Morpheus was one of the sweetest, most affectionate cats I've ever owned. It was hard to sit in place for very long before he'd be on your lap. He'd throw himself over (he liked to lay on his back with this belly up) and if you weren't paying attention, he'd slide right to the floor. He had absolute trust that you wouldn't let that happen. He was my cuddle-bug. He liked to cuddle up on the couch while you watched tv or read, and he'd snuggle up near my head when we went to bed. He was mellow, and happy, and the best stress relief you could ask for.
He was incredibly social and outgoing. He'd always be at the door to greet me when I got home, and in fact, my family could rely on him to let them know when I'd arrived. He'd greet strangers, too. People often remarked about how friendly he was. He got along equally as well with other cats, including the many short-term fosters that found their way through my home. I even ended up keeping one of my fosters because he had bonded to her so closely. They slept cuddled up, so that it was difficult to tell where one cat ended, and the other began.
I really have nothing negative to say about my experience with this breed. He was an amazing cat. I have always bonded closely to my animals, but he holds a special place in my heart. His love and his affection got me through some very hard times. It was very, very difficult when he passed away. I've had (and have) many cats, and none of them have been able to fill the role of companion and comforter like he did..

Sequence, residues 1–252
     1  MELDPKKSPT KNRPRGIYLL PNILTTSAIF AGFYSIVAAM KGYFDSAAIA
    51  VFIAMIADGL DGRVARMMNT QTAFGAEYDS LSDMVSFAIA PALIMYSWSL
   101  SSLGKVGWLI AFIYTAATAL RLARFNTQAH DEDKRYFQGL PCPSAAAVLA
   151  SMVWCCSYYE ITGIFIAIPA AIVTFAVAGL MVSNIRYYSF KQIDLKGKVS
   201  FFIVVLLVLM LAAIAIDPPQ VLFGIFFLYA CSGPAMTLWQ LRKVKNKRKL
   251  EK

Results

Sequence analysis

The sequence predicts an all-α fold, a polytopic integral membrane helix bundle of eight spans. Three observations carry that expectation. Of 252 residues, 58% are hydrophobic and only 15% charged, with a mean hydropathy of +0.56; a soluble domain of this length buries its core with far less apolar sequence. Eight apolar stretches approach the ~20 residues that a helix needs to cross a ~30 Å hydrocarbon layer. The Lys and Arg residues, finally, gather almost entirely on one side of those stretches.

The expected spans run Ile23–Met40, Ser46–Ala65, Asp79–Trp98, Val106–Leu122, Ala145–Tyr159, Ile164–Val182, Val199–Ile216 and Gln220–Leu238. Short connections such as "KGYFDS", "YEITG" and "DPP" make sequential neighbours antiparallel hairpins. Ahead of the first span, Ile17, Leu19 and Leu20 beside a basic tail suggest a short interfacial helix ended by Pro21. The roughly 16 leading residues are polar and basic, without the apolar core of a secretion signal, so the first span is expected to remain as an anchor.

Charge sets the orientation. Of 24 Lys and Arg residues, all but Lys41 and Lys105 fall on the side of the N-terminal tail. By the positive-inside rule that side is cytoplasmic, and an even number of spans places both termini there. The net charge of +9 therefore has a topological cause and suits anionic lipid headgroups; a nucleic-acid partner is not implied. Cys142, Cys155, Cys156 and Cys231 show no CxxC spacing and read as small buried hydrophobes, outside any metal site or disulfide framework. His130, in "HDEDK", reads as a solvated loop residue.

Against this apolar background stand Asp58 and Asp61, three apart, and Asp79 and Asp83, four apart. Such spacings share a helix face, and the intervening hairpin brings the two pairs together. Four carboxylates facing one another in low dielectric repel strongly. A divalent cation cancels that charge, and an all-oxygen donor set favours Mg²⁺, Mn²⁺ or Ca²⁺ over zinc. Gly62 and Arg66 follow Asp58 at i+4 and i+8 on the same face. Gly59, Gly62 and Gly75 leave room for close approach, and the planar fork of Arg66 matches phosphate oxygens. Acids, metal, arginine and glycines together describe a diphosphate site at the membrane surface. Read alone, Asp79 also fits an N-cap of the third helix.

From Natasha2283 Sep 26 2015 3:04AM
Great diet to prevent and treat bladder stones
I highly recommend Hill's Prescription Diet c/d wet food for treatment and prevention of bladder stones. Bladder stones in cats are predominantly composed of either struvite or oxalate minerals. They can be very irritating and lead to pain while urinating, obstruction, blood in the urine, and infection. The c/d diet is formulated to alter the bladder environment to make it unfavorable for stone formation. C/d also comes as a dry kibble. The wet version is recommended because the extra moisture helps to dilute the urine, which reduces inflammation and pain. Oxalate stones always require surgical removal. After surgery, Hill's c/d diet can be used to prevent recurrence. Struvite stones may also be surgically removed, but can also be dissolved without surgery if the cat is placed on a strict c/d diet. Once the stone is dissolved, the c/d diet should be continued to prevent recurrence. The c/d diet is very safe. If you have multiple cats, it is usually okay for all cats to eat this diet. It is only available with a prescription from a vet and is somewhat expensive. In the end it will save money by greatly reducing the chance of bladder stone recurrence. .
From M Teiber DVM 110 days ago
A bobtail cat is surely a sight to see. A bit of a change from your average house cat. They are extremely athletic and can jump to incredible heights. Roofus got his name from his dog like tendencies. Oddly enough he enjoys fetch and is a bit territorial. Being an intact male may be the reason for his protective instincts but nonetheless he's been an interesting roommate. Unfortunately he hasn't been the easiest to house train and without being able to have his natural food source from hunting he's been difficult to feed. He is picky and his stomach is sensitive. He has a long coat that mats easily. He isn't very vocal unless he feels something is wrong. Roofus is lively but his activity isn't too much to handle, he enjoys toys and something to keep him busy. He may have been better as an outdoor cat because he has proved to be a poor house cat given his inability to use the box..
From kpstruble Sep 16 2015 9:52PM